Review: Tetris Elements
Requirements: 500 MHz processor, 128 MB RAM, Mac OS 9.1 or Mac OS X
Tetris: the grandfather of the modern puzzle game. Prior to its release in the late 1980s on the venerable Commodore 64, Apple II, and IBM PCs, the puzzle game genre consisted mainly of peg puzzle simulations, sliding picture puzzles, and maze-solving games. Once Alexey Pazhitnov’s juggernaut was released to the world, the puzzle-game genre was forever changed.
The game of Tetris has spawned more clones than Doom, and has gone through a lot of evolution since its initial release. There have been many pretenders to the throne, but Tetris has always remained the one true king, that game that you are always coming back to for “just one more round.” Chances are that, if you play video games at all, you’ve played Tetris. Whether it’s the original home-computer incarnations, the ultra-popular Gameboy version, or the many variants released for the consoles, Tetris is literally a household name.
This is why I was excited to see that Tetris Elements had been released for the Macintosh. Our platform of choice has not seen an “official” Tetris game since the original Spectrum Holobyte release back in 1988. Finally, some official Tetris love for the Mac faithful! Tetris Elements, while a worthy addition to the Macintosh gaming library, is somewhat of a mixed bag, however.
Tetris Elements is a combination of variations of the classic Tetris formula. Differently shaped playing pieces, or tetriminos, fall from the top of a well. The player rotates the pieces and drops them into position at the bottom of the well, creating complete lines across. These lines, in turn, disappear. The goal: don’t allow the pieces to fill the well.
With Tetris Elements, there are five new game modes added to the classic gameplay, each adding an interesting element to the Tetris formula. Each variation is based on an element of nature: air, earth, storm, fire, and ice.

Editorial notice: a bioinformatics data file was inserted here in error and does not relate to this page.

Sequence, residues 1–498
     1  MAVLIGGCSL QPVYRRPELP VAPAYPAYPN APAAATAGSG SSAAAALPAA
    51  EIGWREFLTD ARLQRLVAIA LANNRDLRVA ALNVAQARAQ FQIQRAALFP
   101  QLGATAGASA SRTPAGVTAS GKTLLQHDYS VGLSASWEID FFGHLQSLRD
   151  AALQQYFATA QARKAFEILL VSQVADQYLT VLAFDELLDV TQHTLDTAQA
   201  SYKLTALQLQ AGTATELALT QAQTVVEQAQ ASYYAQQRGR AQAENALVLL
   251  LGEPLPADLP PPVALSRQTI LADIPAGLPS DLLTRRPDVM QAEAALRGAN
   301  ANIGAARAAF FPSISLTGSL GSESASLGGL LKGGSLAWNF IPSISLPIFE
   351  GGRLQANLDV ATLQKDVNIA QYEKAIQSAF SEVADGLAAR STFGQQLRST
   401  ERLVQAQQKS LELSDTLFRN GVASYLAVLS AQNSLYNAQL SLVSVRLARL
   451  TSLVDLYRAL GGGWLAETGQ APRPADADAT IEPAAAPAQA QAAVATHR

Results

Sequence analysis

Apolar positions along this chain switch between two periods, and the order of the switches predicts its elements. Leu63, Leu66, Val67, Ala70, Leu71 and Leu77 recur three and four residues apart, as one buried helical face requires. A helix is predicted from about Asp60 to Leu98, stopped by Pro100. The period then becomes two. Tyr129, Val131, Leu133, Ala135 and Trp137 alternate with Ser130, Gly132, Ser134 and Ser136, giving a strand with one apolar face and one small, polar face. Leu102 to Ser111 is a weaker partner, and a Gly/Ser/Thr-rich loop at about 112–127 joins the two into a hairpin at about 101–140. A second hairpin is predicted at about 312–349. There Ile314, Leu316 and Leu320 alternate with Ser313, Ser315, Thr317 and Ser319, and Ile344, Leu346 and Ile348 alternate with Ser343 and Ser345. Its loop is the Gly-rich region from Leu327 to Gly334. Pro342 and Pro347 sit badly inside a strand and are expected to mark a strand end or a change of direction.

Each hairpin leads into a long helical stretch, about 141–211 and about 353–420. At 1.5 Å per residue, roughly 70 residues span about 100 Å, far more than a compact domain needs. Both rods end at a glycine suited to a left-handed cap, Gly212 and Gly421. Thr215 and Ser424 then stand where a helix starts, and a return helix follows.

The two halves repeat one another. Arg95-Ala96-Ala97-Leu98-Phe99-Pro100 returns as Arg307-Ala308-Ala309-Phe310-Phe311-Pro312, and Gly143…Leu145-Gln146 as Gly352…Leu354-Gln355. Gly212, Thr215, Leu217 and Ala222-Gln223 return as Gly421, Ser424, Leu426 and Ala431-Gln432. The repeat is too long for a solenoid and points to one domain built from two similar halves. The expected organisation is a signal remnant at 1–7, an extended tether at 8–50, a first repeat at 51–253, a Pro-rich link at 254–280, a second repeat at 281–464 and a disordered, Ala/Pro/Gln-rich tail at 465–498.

Stratosphere features meteors that fall from shooting stars, bouncing off of the sides of the well to the blocks below. The meteors will eliminate blocks when they finally crash into the rows below. These meteors can either help or hinder your progress. Depending on where you are in creating a particular row, they can hinder by eliminating block needed to create a full row, or help by eliminating the few blocks needed to get to the row below it.
Earthquake Tetris incorporates one of the Tetris variants that I think is the most interesting one to come out in a while, Tetris Cascade. As you complete rows, the leftover blocks from depleted tetriminos will fall into open areas below the completed row. As these blocks complete rows below, combos, called cascades, can occur. This version of Tetris really adds life to the game, in that even if you are getting close to the top of the well, one lucky cascade can clear half of the well and keep you playing until the next level. Earthquake adds to this variation by creating random tremors that shake the playfield, shifting both the settled blocks and the blocks that are currently falling.